There were no significant differences in the incidence of heart defects between the groups with and without noncardiac defects (Figure 1). Similarly, the incidence of heart defects was not significantly different between the group of neonates with lumbar and the group with cervicothoracic meningomyeloceles (Figure 2). Heart defects were significantly more common (25 of 39) in girls (Figure 3).

Figure 1.
Relationship of heart defects to patients with and without associated noncardiac defects.

Relationship of heart defects to patients with and without associated noncardiac defects.

Figure 2.
Relationship of heart defects to the location of the meningomyelocele.

Relationship of heart defects to the location of the meningomyelocele.

Figure 3.
Relationship of heart defects to the sex of the patient. Asterisk indicates P<.05.

Relationship of heart defects to the sex of the patient. Asterisk indicates P<.05.

Only 5 of the 39 patients with echocardiographic evidence of congenital cardiac defects had abnormal cardiac examination results (performed by the neonatologist, pediatrician, or neurosurgeon), for a sensitivity of 13%.

COMMENT

Meningomyeloceles occur at the end of week 4 of development if the neural tube fails to close spontaneously. If overproduction of spinal fluid occurs at this stage of development, the neural tube distends and fluid can infiltrate the surrounding mesoderm, destroying neural crest cells.8,9 The neural crest cells play an important role in forming mesodermal organs such as the heart, urinary tract, and skeleton; thus, their destruction may prevent normal development of both the spinal cord and the heart.10 In addition, both the heart and central nervous system rely on homocysteine for their normal development.11

Previous studies have demonstrated a 5% to 10% incidence of congenital heart defects in patients with neural tube defects. These studies differ from ours, however, because they included all neural tube defects rather than just open meningomyeloceles.4,6 The incidence of congenital heart defects in our study was 37% of patients with an open meningomyelocele (considerably higher than the 1% risk given for the general population), with atrial septal defects being the most common abnormality. We also found that newborn girls with meningomyelocele are more frequently affected. This may be explained by the higher incidence of atrial septal defects in the general female population as well.12 Because the location of the meningomyelocele and the presence or absence of additional noncardiac defects were similar between those with and without heart defects, they cannot be used to predict patients at higher risk. In addition, because most of the defects are clinically silent at this age, early diagnosis can be made only by echocardiographic screening.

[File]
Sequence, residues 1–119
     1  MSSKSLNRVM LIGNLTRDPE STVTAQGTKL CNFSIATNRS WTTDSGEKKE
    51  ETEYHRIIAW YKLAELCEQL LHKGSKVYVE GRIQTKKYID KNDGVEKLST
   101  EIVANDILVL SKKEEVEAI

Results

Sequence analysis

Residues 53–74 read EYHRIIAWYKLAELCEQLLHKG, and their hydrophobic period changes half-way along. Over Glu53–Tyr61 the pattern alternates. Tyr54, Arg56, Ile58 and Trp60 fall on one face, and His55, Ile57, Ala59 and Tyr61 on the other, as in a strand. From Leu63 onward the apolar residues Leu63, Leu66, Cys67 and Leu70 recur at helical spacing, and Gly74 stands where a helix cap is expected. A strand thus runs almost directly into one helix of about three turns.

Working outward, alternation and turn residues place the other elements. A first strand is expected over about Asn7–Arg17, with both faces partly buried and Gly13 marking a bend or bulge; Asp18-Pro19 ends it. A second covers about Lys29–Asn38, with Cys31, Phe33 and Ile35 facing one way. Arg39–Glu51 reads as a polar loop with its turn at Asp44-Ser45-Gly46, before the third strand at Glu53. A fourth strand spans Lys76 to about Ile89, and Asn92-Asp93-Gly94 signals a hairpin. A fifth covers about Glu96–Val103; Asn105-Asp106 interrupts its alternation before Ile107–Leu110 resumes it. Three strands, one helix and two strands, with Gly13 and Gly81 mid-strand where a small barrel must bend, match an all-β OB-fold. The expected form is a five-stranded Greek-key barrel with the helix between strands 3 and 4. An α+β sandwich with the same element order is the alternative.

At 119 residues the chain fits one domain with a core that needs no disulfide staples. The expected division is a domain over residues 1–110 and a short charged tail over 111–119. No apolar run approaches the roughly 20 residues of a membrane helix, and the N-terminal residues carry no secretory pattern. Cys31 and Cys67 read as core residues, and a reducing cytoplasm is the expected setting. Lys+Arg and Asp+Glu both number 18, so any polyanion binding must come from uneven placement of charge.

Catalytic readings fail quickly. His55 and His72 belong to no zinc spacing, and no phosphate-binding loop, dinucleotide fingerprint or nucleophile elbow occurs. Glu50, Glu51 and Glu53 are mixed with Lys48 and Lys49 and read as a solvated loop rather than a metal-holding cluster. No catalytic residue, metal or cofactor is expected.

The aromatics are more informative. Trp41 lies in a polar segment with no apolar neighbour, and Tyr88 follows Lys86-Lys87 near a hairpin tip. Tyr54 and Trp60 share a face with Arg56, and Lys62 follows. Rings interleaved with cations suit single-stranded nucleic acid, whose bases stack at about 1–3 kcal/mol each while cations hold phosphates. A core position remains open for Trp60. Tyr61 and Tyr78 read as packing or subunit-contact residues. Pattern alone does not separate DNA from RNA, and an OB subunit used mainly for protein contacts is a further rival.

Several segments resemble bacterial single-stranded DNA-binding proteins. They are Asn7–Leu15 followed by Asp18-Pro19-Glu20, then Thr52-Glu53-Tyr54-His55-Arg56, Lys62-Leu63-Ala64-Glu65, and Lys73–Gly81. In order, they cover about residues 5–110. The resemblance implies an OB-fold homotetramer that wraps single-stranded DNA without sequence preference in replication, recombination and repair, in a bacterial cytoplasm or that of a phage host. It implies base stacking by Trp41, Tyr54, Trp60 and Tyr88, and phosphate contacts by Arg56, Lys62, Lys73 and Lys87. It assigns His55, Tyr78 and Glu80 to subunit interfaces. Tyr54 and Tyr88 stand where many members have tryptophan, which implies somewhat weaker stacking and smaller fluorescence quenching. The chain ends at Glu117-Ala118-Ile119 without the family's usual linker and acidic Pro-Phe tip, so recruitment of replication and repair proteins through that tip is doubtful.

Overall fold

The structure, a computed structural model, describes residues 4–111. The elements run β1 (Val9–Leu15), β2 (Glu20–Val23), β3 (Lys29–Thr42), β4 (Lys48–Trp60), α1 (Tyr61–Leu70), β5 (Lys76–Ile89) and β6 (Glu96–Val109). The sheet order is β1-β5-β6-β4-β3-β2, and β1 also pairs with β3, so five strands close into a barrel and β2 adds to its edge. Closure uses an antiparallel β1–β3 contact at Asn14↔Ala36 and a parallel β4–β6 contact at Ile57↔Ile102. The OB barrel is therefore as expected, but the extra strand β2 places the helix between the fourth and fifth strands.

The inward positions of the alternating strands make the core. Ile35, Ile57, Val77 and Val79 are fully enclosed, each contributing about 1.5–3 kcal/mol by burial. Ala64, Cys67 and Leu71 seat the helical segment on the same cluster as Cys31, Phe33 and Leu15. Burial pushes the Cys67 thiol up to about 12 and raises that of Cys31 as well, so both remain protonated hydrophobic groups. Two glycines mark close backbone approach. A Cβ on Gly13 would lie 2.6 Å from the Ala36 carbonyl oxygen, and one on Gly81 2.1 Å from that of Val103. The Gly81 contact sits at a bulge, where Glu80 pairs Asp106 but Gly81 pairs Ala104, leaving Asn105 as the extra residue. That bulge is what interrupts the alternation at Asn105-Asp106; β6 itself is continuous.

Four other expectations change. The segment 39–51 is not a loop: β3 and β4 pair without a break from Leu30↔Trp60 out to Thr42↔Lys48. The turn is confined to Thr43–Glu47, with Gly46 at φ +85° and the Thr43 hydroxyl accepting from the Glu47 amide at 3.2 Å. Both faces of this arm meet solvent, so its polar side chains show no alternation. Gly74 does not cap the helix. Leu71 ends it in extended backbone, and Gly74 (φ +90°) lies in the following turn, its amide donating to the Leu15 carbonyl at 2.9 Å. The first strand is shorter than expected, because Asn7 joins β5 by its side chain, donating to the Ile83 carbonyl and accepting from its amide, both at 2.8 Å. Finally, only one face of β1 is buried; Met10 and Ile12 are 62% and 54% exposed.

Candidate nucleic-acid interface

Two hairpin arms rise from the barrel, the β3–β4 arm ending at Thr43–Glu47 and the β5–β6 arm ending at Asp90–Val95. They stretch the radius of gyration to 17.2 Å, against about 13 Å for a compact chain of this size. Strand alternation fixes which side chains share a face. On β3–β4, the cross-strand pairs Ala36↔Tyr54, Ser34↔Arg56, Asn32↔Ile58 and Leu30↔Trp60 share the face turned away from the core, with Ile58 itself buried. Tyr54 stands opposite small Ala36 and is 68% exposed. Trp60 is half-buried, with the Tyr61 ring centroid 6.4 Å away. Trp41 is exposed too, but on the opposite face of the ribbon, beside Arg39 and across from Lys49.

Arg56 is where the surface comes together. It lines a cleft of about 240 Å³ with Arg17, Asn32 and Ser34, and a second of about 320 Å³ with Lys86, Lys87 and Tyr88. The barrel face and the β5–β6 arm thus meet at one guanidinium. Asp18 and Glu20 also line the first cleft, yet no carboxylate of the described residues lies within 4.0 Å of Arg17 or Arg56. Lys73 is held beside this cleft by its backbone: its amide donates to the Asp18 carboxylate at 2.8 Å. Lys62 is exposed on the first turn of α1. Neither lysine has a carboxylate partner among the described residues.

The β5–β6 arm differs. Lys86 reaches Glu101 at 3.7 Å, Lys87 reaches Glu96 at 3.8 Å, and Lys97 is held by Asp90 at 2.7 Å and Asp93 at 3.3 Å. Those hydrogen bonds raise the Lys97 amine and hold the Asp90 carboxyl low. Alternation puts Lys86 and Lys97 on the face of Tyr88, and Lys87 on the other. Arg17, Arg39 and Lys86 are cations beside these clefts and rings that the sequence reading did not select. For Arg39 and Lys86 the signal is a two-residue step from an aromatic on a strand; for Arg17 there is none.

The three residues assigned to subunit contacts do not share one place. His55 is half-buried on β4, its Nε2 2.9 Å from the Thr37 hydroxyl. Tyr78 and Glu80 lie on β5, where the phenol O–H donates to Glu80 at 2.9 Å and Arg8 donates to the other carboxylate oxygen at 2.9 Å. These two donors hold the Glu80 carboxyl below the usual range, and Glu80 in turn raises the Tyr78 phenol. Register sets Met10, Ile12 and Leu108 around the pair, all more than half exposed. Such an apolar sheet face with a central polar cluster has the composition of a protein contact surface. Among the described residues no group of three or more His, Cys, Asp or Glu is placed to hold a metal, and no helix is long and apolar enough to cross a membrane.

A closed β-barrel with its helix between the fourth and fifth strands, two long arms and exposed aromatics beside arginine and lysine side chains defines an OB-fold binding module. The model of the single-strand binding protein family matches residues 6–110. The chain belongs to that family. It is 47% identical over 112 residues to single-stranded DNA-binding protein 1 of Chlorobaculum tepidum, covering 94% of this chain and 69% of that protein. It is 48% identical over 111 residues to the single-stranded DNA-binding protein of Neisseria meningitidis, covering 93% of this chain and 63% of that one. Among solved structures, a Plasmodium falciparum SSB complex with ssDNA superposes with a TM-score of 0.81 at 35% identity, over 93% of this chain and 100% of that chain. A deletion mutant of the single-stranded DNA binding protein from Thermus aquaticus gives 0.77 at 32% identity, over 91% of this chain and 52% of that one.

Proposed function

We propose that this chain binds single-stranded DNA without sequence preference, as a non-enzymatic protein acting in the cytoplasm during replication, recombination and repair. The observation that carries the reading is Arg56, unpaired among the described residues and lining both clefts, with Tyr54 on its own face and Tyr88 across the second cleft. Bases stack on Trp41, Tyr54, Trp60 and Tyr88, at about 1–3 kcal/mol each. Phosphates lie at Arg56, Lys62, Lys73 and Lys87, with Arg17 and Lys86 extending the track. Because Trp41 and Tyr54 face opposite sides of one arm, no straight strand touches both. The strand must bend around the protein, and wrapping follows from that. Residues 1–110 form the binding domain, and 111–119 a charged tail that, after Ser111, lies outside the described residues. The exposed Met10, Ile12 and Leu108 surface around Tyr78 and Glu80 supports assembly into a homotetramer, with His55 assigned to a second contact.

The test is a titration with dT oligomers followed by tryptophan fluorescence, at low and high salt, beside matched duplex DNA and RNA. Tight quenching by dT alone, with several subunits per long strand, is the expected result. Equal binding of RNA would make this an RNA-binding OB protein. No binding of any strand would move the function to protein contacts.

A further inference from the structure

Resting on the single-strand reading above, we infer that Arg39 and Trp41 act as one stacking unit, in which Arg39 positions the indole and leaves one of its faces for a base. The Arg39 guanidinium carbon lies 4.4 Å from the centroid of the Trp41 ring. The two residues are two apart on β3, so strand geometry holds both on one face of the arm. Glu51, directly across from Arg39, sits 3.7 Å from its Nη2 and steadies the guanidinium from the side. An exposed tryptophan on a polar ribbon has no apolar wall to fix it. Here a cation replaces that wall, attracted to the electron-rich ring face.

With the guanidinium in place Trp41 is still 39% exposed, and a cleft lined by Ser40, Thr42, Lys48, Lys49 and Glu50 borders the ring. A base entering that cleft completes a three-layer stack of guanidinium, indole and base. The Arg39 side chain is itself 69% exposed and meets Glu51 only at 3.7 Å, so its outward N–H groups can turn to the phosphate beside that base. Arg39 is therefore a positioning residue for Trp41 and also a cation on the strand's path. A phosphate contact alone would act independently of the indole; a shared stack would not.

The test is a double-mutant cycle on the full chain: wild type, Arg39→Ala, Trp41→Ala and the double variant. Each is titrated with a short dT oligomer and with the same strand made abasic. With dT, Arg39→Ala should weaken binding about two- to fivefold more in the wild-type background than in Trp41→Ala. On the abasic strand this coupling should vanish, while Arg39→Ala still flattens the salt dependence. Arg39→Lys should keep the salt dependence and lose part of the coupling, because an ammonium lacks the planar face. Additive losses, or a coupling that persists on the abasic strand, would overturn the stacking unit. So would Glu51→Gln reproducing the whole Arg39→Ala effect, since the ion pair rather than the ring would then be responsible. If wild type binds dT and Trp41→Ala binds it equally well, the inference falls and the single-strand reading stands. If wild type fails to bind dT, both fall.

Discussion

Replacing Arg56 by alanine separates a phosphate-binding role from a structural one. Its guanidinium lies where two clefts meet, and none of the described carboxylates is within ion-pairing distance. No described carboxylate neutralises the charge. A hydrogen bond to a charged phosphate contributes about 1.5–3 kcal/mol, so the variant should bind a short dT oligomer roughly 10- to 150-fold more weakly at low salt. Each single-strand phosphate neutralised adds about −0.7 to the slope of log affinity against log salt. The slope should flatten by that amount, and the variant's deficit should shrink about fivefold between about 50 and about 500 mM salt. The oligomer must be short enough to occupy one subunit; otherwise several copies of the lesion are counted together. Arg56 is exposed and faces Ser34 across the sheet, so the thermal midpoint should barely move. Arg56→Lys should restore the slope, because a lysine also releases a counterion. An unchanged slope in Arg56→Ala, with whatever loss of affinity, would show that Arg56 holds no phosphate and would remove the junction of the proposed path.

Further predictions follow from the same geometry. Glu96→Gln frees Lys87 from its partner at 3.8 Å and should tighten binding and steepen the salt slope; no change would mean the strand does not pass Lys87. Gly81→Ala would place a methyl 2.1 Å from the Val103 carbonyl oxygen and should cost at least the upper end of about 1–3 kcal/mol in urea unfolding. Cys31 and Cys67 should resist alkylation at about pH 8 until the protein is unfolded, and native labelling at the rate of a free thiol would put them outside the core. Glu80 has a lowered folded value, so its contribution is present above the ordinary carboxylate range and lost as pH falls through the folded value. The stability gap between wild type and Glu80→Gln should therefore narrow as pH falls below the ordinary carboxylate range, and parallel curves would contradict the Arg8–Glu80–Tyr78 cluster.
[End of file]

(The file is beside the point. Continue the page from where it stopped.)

The identification of even minor heart defects has several important implications for this group of patients. First, spinal fluid is often overproduced in patients with a meningomyelocele, resulting in hydrocephalus after repair.1 If the hydrocephalus requires treatment with a ventriculoatrial shunt, it is important to be aware of the presence of cardiac defects when determining the potential for paradoxical emboli. Second, prophylaxis for endocarditis is very important for patients with meningomyelocele who have associated renal defects and may have more frequent episodes of bacteremia from frequent manipulations of the genitourinary tract or from urinary tract infections.1,13 Third, the possibility of venous air embolism exists whenever the craniofacial operative field is above the heart and is a well-described complication of neurosurgical procedures.14,15 If an intracardiac connection between the right and left sides of the heart is present, systemic embolization may occur.

This study is limited by being retrospective, but we were able to obtain complete data from the clinical records. Although it may be difficult to differentiate between a secundum atrial septal defect and a patent foramen ovale, every attempt was made to include only true secundum atrial septal defects by adhering to strict criteria and reviewing all videotapes independent of the report. If there was a question, the defect was considered a patent foramen ovale.

Thus, congenital heart defects are common in neonates with meningomyelocele, especially in female patients. Because neither meningomyelocele location nor the presence of associated noncardiac defects can be used to predict patients at risk for heart defects, and the clinical examination is insensitive for detecting heart defects in this group, screening echocardiograms are warranted. This information has important implications for patients who may require a ventriculoatrial shunt, those at risk for endocarditis from urinary tract instrumentation, and those at risk for venous air embolism with certain neurosurgical procedures.

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Article Information

Accepted for publication April 30, 1999.

Presented at the annual meeting of the American Society of Echocardiography, Washington, DC, June 16, 1999.

Editor's Note: In this age of cost-conscious care, it's nice to have a study like this that points out the value of performing a relatively expensive diagnostic test in certain newborns.—Catherine D. DeAngelis, MD

Reprints: L. LuAnn Minich, MD, Primary Children's Medical Center, 100 N Medical Dr, Salt Lake City, UT 84113.